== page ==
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> The Embroidery of Gaza
Along the southern coastal end of Palestine lies the ancient Philistia with Gaza, Isdud and Ascalon as its main towns. Majdal, the weaving centre that has already been mentioned, stands slightly inland from Gaza. A few kilometers southwards was the busy market-town of Khan Yunis. It was a centre for the Bedu of the Negeb desert and was described briefly by a certain Bimbashi McPherson (1983) who was there during World War I.
The Gaza region is hotter and more humid than the rest of Palestine and was until 1948 a good fruit-growing area as well as it had a dyeing industry. The weavers would take their skeins of thread, rather than the prepared material, to the dyeing shops in town, where they were placed in large copper pans of dye. Eventually the skeins were rinsed in the sea, the salt acting as a mordant and making fast the dyes.
Gaza and Majdal were two of a number of flourishing weaving centers in Palestine. There had by all accounts been a very long weaving tradition, though fine Syrian silks were also prized in many parts of the country for dresses and other articles of clothing. By the mid-nineteenth century, European textiles began to flood the market and weaving began to go into a slow decline. Three types of loom were in use, the treadle, the vertical and the ground or mat loom. The ground or mat loom was used by villagers and the Bedu women who wove not only cloth for the tents, but rugs and a variety of bags and saddlebags. The treadle and upright looms were mainly, though not always, used by townsmen who were weavers by profession. Spinning dyeing and warping were all carried out by specialists. The fibers used were goat, sheep and camel wool, as well as some silk, cotton and flax. By the nineteenth century most cotton and flax in its raw state seems to have been imported from Egypt, while most of the silk, which was used mainly in embroidery came from Syria. The main weaving centers were Safed and the areas around it as well as Nazareth, Nablus, Hebron, Bethlehem and nearby village of Beit Jala. The people of Lake Huleh (now mostly drained) made mats for sale from the papyrus reeds. The men cut the reeds and the women wove them on upright looms which were placed vertically against their reed hut dwelling.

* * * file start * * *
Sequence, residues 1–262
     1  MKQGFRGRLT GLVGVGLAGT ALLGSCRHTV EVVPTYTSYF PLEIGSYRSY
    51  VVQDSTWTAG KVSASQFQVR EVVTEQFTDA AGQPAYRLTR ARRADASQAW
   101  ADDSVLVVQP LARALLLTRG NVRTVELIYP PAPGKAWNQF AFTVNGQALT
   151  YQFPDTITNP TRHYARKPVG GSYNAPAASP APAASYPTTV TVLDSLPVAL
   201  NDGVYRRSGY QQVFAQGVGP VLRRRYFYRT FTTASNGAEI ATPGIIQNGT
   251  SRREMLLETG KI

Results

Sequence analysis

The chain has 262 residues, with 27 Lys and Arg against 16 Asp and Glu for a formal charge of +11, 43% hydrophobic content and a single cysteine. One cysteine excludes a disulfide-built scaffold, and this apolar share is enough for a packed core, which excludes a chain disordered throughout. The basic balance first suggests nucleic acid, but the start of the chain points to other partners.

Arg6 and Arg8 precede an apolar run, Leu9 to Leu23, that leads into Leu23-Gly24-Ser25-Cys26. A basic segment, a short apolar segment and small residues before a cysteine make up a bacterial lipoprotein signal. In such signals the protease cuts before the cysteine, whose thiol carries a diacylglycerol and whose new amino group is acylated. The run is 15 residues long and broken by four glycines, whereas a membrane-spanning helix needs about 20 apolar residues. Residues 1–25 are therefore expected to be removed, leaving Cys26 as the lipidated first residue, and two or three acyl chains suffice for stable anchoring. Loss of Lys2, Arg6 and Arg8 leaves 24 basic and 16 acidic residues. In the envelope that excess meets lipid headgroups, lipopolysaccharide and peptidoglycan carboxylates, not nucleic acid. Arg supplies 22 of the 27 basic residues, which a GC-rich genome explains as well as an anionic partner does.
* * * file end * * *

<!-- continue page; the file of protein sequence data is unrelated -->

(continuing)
The costumes of the Gaza part of the coastal plain, while using the motifs common throughout Palestine, were not so heavily embroidered as those of the Hebron locality. Striped Majdal materials were naturally the most popular while the cut of the dresses was much narrower than elsewhere. The necklines where V- shaped and the sleeves where the tight straight village ones. Gaza-region embroidery was distinguished by motifs of criss-cross scissors (muqass), combs (mushut) and triangles (hijab). These were frequently to be seen arranged in clusters of fives, sevens and threes. In the 1930s when the popularity of Bethlehem couching was at its height a wedding jillayeh might have been appliqué and couched down the main front panel and the appliqué arranged in three or five mihrab strips (the mihrab was a motif shaped like the prayer niche of the mosque). The number five was considered efficacious against the evil eye and this was no doubt related to the Khamsa which also performed the same function.
The qumbaz was widely worn by men in Palestine. The most common materials in the Levant were striped silks.The garment opens right down the front and is fastened to one side of the center and then belted. Originally the cummerbund (hizam) was worn, cashmere in winter and silk or muslin in summer; later teacher belts became commonplace. Women also wore the qumbaz although the neckline would be lower and the sleeves slit to the elbow to show the undergarment. When working the women would hitch the end corners into their belts so showing the sometimes intricately embroidered trouser legs. Although the qumbaz has been going out of fashion for a long time, a few men still wear it and it is worn on special occasions.
Thob from the Gaza/ Isdud region:
This dress is made of Majdal woven cotton material with orange, purple and green stipes of silk and cotton; this material is known as abu hizz ahmar. There are 'cypress tree' (saru) and 'arch' patterns. The patterns between the 'arches' are 'cushions' (mehkeddah) and 'combs' (mushut). They are all arranged in the typical manner of the region.
Gaza was probably an old centre of weaving. Gauze, (gazzatum in mediaeval Latin), the very thin transparent material woven of silk or cotton, is reputed to have originated there- hence its name.
Back of a thob from the Gaza/ Isdud region:
A back view of a dress which has little embroidery on the front and the 'combs' (mushut) motif down the back.
Source: Rajab,Jehan. Palestinian Costume. London and New York: Kegan Paul International, 1989.